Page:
Saturday 27 June 2015

Chinese Aircraft ~ Part One

It is always a delight to be able to feature Chinese aircraft here and Woodstock has an excellent blog featuring his superb and inspiring models of historic Chinese aircraft including many rare and unusual types which are seldom seen as models. The heading image is of a mixed media Blackburn Lincock in 1/72nd scale made from the rare New Types Park kit which featured in Aviation of Japan's article on Robert Short. Woody has two of these on display, the second interpreted in an even more colourful scheme.

Breda Ba 27

Boeing 218 (export P-26) in Cantonese Air Force plumage

With special thanks to Woody for facilitating the link and kindly permitting some of his beautiful models to be shown here. More Chinese aircraft models to come. 

Boeing 218 of 17th Group, Republic of China Air Force

Kawasaki Ki-10 in Chinese insignia

Fokker DVII in early Chinese Republican insignia ~ aircraft re-covered and clear doped, easier than lozenge!

Image credits: All © 2015 Woodstock 

Wednesday 24 June 2015

Hasegawa Shiden Kai in 1/72

The Hasegawa Shidenkai dates from 1977 and was a stablemate of their J2M3 Jack to the same scale. It is listed in a Trade Fair report in Scale Models (UK) magazine of April 1977 (p.199) and appeared in the 1978 Hasegawa catalogue as 'N1K2-J George' with an image of a built up model. Until recently it was still listed in the standard range and retailing from HLJ for ¥640 (about £3.48/$US5.21) which makes it 38 years old.

1978 Hasegawa Catalogue Image

The first issue was in the 'red' series box as A29 (heading image) and moulded in dark green plastic. The box ends of this kit include the number JS-125 which Burns* lists as being a separate issue kit from 1980. The 1978 catalogue image (above) includes both numbers so make of that what you will. Early Shikeo Koike box art depicted a pair of aircraft from the 343rd Ku despatching an anonymous Corsair in a sky of orange tinted miasma. From 1982-87 the kit was released in the 'blue' series as B1 with the same box art (below) and still moulded in dark green. The JS-125 number on the box end was replaced with B001 which Burns also lists as a separate issue for 1981. Markings options in both releases remained the same - 'A 343-15' of the 343rd Ku's 301 Hikotai flown by 1Lt Naoshi Kanno, the Hikotai leader and 'C 345-45' of the same unit's 701 Hikotai flown by 1Lt Takashi Oshibuchi, also the Hikotai leader. The tail codes and the twin fuselage bands on both aircraft were presented as white.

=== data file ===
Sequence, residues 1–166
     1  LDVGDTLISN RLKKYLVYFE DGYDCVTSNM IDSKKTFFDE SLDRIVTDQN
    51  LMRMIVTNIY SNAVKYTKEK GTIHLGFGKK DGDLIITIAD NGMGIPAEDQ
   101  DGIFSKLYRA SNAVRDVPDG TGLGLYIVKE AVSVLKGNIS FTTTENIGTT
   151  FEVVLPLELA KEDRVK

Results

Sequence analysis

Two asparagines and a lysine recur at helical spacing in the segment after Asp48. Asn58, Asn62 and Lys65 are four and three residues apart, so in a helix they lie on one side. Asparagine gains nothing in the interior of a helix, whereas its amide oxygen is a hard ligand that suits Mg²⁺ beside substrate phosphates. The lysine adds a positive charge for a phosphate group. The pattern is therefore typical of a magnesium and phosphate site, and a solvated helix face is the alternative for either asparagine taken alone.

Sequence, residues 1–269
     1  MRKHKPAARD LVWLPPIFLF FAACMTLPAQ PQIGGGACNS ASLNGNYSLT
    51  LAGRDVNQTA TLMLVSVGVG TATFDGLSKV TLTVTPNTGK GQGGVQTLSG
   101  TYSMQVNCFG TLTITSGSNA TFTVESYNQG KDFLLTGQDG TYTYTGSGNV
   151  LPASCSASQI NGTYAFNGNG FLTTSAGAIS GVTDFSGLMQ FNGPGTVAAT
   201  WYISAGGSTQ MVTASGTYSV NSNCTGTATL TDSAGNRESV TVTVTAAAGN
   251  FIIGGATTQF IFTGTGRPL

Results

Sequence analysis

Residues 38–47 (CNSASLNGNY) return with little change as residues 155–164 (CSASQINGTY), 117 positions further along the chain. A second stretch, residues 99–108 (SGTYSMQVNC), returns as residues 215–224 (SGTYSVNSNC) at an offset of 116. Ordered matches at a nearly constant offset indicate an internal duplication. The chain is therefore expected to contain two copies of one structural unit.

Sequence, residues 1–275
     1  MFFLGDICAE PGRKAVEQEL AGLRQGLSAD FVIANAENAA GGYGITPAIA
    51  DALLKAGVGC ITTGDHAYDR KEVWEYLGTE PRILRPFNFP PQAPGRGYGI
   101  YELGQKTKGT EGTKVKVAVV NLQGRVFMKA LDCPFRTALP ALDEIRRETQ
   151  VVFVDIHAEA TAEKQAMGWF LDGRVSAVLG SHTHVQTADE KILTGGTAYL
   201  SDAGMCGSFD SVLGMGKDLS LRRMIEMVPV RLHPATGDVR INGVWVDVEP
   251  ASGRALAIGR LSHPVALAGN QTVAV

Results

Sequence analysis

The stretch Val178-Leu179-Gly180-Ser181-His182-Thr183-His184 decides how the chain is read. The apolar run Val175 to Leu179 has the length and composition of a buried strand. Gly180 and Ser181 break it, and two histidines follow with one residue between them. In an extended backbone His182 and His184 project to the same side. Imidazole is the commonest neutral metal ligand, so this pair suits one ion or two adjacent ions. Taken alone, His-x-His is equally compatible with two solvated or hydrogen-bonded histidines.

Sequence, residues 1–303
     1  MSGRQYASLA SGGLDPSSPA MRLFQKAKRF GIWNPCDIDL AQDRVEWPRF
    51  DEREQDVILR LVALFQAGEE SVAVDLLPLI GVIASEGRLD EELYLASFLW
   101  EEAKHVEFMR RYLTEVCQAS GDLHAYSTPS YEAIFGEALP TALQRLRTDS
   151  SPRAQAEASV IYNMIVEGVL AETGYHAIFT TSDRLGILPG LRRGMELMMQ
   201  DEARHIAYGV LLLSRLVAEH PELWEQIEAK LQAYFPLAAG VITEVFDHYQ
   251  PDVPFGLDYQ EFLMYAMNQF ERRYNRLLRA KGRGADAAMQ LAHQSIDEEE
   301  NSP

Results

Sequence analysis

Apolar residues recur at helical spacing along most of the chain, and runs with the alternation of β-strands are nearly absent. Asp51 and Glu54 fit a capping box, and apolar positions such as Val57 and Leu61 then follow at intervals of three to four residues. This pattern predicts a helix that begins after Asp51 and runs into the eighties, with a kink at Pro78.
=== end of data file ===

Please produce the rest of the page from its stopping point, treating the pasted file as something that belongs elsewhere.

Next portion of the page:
1982 release as B1

Do not adjust your monitor - bold presentation for 1987 release as 506

In 1987 the kit was re-issued moulded in light grey plastic in a larger box as number 506 with colour photos of a made up model on the side and the same box art boldly re-presented to 'zoom in' and depict the Shiden kai in an inverted position. At the same time the image was modified to present the tail code and twin bands in yellow with a large white number '15' added to the fuselage Hinomaru. The kit decal sheet, for the same two options, reflected those changes with 1Lt Oshibuchi's aircraft also given a makeover with yellow tail code and red bands. At one time it was believed that the bands were painted to represent a Hikotai colour sequence but more recent research based on the testimony of veterans suggests that the bands were probably white on Oshibuchi's aircraft and yellow on Kanno's, being the same colour as the tail code. The temporary white number in the Hinomaru is based on a photograph but it has also been shown faded and/or painted over. What didn't change was the suggestion in the kit instructions to paint the under surface light grey using Gunze H61/35 IJN Grey and described in that misleading but persistent cliché of 'light/bright ash white colour' (明灰白色). Burns lists this kit as being issued in 1988 and a further release as AT-06 'announced' in 1992. When it appeared the 1992 release (below) was numbered AT6 and the box art reversed the bold inversion of 506 but with same 'zoom in' presentation.